Diana’s note: This is a repost. Since GoDaddy got rid of my old blog, I am reposting a few blog posts I want readers to be able to access. Thank you.
Tortured heroes. For some reason that’s the kind of guys I usually write-those who have often been through a personal hell and fought their way back. To me, this adds another layer to their personality, and at times, even makes them more sensitive to others around them. My hero from Trust No One is like this, having fought through his own demons.
Below is a scene I wrote as he was dragged back to the land of the living. At this point, he didn’t care whether he lived or died-he’d failed in a mission, failed as a person, and he was lost in drowning his sorrows. Ultimately I chose to leave the scene out, because Trust No One is more about the heroine’s journey and it detracted from her story. But I loved this scene and saved it, and Ben and I know what he went through for him to make it back. Now, you’ll know, too. (Warning: Graphic language)
The voice came at him down a long foggy tunnel. Ben Walker refused to open his eyes, knowing it couldn’t be anything more than a dream.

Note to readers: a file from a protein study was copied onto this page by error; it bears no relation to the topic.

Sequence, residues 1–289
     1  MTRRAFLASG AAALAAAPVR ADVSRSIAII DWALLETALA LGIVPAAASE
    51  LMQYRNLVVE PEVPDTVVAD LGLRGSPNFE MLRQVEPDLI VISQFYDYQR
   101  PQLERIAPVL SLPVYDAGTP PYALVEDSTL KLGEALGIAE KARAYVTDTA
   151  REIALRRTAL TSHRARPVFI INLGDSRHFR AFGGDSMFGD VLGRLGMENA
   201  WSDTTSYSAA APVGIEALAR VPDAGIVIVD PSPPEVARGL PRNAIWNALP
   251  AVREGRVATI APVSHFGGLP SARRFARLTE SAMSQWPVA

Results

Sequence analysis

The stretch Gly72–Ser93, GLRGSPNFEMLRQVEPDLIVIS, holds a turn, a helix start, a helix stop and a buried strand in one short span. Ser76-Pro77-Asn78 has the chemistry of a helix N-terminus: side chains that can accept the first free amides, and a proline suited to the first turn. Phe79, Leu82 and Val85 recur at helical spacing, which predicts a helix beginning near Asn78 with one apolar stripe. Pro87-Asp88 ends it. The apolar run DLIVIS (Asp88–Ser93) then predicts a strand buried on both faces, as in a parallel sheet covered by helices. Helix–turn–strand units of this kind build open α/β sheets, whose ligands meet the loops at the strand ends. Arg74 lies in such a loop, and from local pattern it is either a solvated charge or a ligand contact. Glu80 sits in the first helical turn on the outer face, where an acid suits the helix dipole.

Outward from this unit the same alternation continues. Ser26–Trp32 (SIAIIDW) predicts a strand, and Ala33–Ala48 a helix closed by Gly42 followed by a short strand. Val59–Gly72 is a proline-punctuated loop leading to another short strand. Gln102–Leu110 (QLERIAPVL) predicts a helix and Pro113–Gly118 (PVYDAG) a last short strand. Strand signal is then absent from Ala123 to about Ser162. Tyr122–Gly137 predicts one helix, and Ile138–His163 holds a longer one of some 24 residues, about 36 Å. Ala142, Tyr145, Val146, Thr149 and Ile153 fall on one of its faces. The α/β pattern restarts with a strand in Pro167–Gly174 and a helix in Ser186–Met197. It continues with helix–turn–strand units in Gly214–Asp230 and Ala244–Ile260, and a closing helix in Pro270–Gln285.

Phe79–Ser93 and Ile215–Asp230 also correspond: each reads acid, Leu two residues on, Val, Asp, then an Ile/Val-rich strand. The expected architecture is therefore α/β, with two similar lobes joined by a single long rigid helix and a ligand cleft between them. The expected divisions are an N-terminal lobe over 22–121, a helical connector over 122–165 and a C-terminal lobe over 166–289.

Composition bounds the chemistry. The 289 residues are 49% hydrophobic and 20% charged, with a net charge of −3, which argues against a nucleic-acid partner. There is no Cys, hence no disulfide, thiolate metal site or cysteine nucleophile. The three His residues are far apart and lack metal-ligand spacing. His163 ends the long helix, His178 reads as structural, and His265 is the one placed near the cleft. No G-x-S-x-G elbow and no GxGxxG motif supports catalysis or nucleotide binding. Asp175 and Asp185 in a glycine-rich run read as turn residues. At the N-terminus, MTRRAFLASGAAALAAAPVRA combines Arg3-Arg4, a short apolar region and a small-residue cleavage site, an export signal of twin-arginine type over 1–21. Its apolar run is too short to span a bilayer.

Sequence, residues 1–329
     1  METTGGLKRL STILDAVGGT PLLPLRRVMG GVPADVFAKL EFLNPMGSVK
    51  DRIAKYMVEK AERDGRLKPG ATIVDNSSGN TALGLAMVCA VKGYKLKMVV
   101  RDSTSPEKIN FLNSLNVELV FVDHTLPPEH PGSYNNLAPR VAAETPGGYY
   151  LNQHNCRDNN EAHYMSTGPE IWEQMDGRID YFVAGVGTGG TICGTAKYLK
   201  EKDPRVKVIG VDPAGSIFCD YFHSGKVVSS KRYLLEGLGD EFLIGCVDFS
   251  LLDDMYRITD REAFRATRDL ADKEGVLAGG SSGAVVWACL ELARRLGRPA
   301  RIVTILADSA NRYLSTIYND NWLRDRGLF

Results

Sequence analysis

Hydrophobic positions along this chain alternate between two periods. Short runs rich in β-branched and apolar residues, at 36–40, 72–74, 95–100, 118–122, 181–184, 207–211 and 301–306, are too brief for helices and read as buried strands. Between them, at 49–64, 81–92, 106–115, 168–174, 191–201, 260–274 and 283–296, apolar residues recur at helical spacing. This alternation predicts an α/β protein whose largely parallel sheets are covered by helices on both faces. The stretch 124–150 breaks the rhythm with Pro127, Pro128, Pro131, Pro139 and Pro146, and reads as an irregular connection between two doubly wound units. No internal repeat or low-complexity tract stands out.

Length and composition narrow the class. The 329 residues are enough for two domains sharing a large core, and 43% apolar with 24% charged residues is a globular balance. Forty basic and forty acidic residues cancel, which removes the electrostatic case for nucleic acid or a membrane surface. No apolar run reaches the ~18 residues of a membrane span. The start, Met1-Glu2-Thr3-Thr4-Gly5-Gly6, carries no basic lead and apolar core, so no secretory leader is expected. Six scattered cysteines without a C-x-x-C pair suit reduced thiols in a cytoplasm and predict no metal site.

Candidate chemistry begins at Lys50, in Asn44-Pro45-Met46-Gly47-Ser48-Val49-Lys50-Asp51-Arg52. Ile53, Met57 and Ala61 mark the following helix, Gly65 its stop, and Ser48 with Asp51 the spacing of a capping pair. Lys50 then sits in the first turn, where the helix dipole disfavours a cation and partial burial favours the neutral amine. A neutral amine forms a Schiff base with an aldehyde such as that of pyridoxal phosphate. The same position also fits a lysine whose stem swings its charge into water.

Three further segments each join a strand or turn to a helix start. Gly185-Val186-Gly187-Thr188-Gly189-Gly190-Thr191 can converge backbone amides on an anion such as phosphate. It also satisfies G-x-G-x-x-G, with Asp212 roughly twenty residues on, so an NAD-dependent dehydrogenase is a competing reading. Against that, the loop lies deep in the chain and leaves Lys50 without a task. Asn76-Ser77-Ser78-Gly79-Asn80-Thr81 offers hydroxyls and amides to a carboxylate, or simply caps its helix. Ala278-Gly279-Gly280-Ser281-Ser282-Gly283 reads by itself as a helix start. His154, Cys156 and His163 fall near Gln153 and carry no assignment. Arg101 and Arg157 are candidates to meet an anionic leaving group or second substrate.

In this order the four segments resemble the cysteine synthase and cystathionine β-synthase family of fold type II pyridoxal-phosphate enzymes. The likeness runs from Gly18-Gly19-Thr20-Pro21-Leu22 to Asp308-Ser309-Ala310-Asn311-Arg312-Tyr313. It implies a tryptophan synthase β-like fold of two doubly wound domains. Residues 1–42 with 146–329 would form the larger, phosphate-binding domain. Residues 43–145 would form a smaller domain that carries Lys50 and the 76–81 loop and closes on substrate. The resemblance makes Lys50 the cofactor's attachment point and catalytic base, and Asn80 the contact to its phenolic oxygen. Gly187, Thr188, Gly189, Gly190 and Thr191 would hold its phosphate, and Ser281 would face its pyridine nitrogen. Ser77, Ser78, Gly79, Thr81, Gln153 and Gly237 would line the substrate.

He was alone in his apartment. Alone. How he wanted to be. Alone. No one else. Ben rolled to his side, nose pressed in the crack between the back of the couch and the cushion, trying to lose himself to any reality.
“Come on, man, wake up.” A sharp nudge in Ben’s ribs followed the command.
Ouch. This dream was too damn real. And on top of that, the voice sounded too damn familiar. Ben pulled a pillow over his head, determined to ignore the intrusion.
“Oh, no you don’t.”
The pillow was ripped from his hand.
“Nasty thing, don’t you have a pillowcase for this?”
Ben rolled over, eyes still closed, blindly groping the air. The effort made his head pound so much, he grew nauseous. “Give it back,” he croaked, the pain making talking a phenomenal effort. “Lemme sleep.” That’s all he wanted. Sleep. Trying to pull his brain out of his self-induced haze was too much of an effort, speaking even more so.
The pillow landed on his stomach with a heavy thump. “Sleeping Beauty you aren’t, that’s for sure. This prince ain’t gonna kiss you.”
“You’re no Prince Charming.” Ben meant to snap the response, but the words came out more as a groan. “Kiss me and I’ll have to kill you,” he added as a lame threat. Hell, he didn’t have the energy to kill the giant roaches that crawled over him in the night.
The voice laughed. “Wake up, boy. You’re still dreaming.”
“If I am, then I’m changing dreams.” Ben gingerly fluffed the pillow back under his head, trying to ignore the persistent pounding inside his skull, wishing his rolling stomach to stillness. “Poof, you’re gone.” He waved his arm like a magician, and settled back more comfortably on the couch.